National Territory Of The Philippines
National Territory Of The Philippines

National Territory Of The Philippines

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  • Published: June 27, 2018
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The national territory comprises the Philippine archipelago, with all the islands and waters embraced therein, and all other territories over which the Philippines has sovereignty or jurisdiction, consisting of its terrestrial, fluvial, and aerial domains, including its territorial sea, the seabed, the subsoil, the insular shelves, and other submarine areas. The waters around, between, and connecting the islands of the archipelago, regardless of their breadth and dimensions, form part of the internal waters of the Philippines.

Island groups of the Philippines The Philippines is divided into three island groups of Luzon, Visayas and Mindanao. Luzon and Mindanao are named after their main islands of the same names, while the Visayas (the Visayan Islands) is an archipelago Divisions The different islands are grouped into separate island groups by virtue of their regions: Regions I to V, CAR and NCR are for Luzon, Regions VI to VIII are for Visayas, and Regions IX to XIII and ARMM are for Mindanao. If a province is reassigned into a new region, it can also be reassigned to a new island group, as is the case with Palawan, when it was reassigned from MIMAROPA.

The island groups themselves do not have governments of their own, but are instead divided into provinces, cities, municipalities and barangays, which do have their own local governments. Government Although the island groups do not have local governments, hence capitals, certain cities have become the political, economic and cultural centers of the island groups. Manila is the national capital and is the de facto capital of Luzon, though Quezon City, the former capital, has more inhabitants than Manila.

fy">The ROC, the PRC, South Vietnam, France, the United Kingdom and the Netherlands lodged official protests (the Netherlands on the premise that it considered the Spratly Islands part of Dutch New Guinea) and The ROC sent a naval task force to occupy the islands and establish a base on Itu Aba, which it retains to the present day. Tomas Cloma and the Philippines continued to state their claims over the islands; in October 1956 Cloma traveled to New York to plead his case before the United Nations and the Philippines had troops posted on three islands by 1968 on the premise of protecting Kalayaan citizens.

In early 1971 the Philippines sent a diplomatic note on behalf of Cloma to Taipei demanding the ROC’s withdrawal from Itu Aba and on 10 July in the same year¬†Ferdinand Marcos¬†announced the annexation of the 53 island group known as Kalayaan, although since neither Cloma or Marcos specified which fifty three features constituted Kalayaan, the Philippines began to claim as many features as possible. In April 1972 Kalayaan was officially incorporated into Palawan province and was administered as a single “poblacion” (township), with Tomas Cloma as the town council Chairman and by 1992, there were twelve registered voters on Kalayaan.

The Philippines also reportedly attempted to land troops on Itu Aba in 1977 to occupy the island but were repelled by ROC troops stationed on the island. There were no reports of casualties from the conflict. In 2005, a cellular phone base station was erected by the Philippines’¬†Smart Communications¬†on Pag-asa Island. The Philippines base their claims of sovereignty over the Spratlys on the issues of¬†res nullius¬†and geography. The Philippines contend Kalayaa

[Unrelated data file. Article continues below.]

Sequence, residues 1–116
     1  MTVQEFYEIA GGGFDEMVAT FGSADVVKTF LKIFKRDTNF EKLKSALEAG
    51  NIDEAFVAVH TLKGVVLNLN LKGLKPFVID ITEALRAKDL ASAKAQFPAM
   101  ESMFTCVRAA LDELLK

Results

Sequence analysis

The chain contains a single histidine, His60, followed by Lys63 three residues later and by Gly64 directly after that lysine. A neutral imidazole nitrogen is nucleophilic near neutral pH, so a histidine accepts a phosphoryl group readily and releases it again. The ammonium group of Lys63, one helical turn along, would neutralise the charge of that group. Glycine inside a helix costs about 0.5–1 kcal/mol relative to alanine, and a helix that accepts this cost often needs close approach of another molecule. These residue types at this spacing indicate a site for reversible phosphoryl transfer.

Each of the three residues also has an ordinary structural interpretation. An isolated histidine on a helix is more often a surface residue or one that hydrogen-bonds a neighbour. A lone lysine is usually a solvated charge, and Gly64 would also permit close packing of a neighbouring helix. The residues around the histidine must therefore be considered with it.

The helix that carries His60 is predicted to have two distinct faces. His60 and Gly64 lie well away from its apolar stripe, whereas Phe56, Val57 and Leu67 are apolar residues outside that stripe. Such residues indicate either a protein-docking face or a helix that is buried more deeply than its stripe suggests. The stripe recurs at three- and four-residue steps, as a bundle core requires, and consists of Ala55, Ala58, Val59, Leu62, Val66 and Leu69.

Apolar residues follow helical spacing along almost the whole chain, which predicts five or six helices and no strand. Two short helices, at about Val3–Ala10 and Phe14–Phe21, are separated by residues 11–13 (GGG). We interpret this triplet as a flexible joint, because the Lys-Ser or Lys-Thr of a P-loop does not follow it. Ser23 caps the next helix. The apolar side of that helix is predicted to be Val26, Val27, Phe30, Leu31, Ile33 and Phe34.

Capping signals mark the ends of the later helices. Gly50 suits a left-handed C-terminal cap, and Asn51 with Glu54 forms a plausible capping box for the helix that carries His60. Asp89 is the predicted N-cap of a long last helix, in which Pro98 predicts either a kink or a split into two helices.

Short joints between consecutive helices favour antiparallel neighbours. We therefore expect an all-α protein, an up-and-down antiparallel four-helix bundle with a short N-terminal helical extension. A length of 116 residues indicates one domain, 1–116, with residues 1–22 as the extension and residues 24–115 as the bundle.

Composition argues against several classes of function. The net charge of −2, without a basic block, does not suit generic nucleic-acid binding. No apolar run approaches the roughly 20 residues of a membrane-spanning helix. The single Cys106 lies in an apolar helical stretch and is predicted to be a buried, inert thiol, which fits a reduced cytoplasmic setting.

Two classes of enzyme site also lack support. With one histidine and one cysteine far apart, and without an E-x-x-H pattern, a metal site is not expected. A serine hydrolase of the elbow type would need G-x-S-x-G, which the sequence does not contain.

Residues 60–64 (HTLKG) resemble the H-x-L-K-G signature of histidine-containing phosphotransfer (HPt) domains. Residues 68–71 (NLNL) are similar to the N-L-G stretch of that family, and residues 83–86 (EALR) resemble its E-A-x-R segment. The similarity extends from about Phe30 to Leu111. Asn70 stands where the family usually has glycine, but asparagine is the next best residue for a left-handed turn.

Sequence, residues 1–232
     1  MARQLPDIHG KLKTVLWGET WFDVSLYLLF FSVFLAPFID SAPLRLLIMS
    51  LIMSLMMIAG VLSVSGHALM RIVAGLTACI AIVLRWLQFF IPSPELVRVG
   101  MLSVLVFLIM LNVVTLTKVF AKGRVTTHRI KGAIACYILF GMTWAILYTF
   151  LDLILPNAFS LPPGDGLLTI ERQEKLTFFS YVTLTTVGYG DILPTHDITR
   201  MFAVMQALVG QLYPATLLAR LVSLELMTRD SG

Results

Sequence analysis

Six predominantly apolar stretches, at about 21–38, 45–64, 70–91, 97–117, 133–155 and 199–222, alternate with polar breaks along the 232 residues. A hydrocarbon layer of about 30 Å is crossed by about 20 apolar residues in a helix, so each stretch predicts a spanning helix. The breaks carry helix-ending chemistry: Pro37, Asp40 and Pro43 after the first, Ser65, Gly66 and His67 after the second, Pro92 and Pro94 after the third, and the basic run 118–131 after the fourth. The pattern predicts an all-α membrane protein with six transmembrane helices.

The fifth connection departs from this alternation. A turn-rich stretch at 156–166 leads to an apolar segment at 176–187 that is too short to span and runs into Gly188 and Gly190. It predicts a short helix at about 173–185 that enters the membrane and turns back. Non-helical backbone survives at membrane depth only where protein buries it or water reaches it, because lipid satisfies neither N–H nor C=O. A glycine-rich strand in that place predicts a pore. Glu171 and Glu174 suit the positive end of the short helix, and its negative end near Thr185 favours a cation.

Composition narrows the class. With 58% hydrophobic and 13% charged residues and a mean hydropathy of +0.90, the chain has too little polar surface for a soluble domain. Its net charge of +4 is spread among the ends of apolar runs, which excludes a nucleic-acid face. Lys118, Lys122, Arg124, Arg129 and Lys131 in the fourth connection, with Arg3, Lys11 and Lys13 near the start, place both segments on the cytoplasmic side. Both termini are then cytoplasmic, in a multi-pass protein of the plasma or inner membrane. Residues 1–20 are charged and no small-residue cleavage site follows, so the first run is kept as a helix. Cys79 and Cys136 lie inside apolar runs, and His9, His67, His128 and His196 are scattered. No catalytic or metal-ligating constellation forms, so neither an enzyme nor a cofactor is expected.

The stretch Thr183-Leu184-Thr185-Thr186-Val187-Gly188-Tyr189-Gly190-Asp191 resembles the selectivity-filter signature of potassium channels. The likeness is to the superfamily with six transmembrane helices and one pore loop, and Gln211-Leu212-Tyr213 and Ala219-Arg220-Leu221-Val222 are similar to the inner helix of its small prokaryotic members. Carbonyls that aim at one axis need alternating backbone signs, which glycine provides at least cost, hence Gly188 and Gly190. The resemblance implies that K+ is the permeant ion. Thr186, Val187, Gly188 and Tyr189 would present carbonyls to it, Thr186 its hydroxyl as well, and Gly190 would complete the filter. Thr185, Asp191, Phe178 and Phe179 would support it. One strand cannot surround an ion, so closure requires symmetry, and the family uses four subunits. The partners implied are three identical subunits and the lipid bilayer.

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was res nullius as there was no effective sovereignty over the islands until the 1930s when France and then Japan acquired the islands.

When Japan renounced their sovereignty over the islands in the San Francisco Peace Treaty in 1951, there was a relinquishment of the right to the islands without any special beneficiary. Therefore, argue the Philippines, the islands became¬†res nullius¬†and available for annexation. Philippine businessman Tomas Cloma did exactly that in 1956 and while the Philippines never officially supported Cloma’s claim, upon transference of the islands‚Äô sovereignty from Cloma to the Philippines, the Philippines used the same sovereignty argument as Cloma did.

The Philippine claim to Kalayaan on geographical bases can be summarized using the assertion that Kalayaan is distinct from other island groups in the South China Sea because: It is a generally accepted practice in oceanography to refer to a chain of islands through the name of the biggest island in the group or through the use of a collective name. Note that Spratly (island) has an area of only 13 hectares compared to the 22 hectare area of the Pag-asa Island. Distance-wise, Spratly Island is some 210 nm off Pag-asa Islands.

This further stresses the argument that they are not part of the same island chain. The Paracels being much further (34. 5 nm northwest of Pag-asa Island) is definitely a different group of islands[40] A second argument used by the Philippines regarding their geographical claim over the Spratlys is that all the islands claimed by the Philippines lie within their archipelagic baselines, and that the Philippines is the only claimant which can make such a statement.

The 1982United Nations Convention on the Law of the Sea (UNCLOS III) stated that within its territorial waters (out to 12 nautical miles from the baseline), a coastal state is free to set laws, regulate use, and use any resource and that exclusive economic zones (EEZs) extend 200 nautical miles from the baseline. Within an EEZ, the coastal nation has sole exploitation rights over all natural resources. China, the Philippines, and Vietnam are all signatories to the UNCLOS III agreement.

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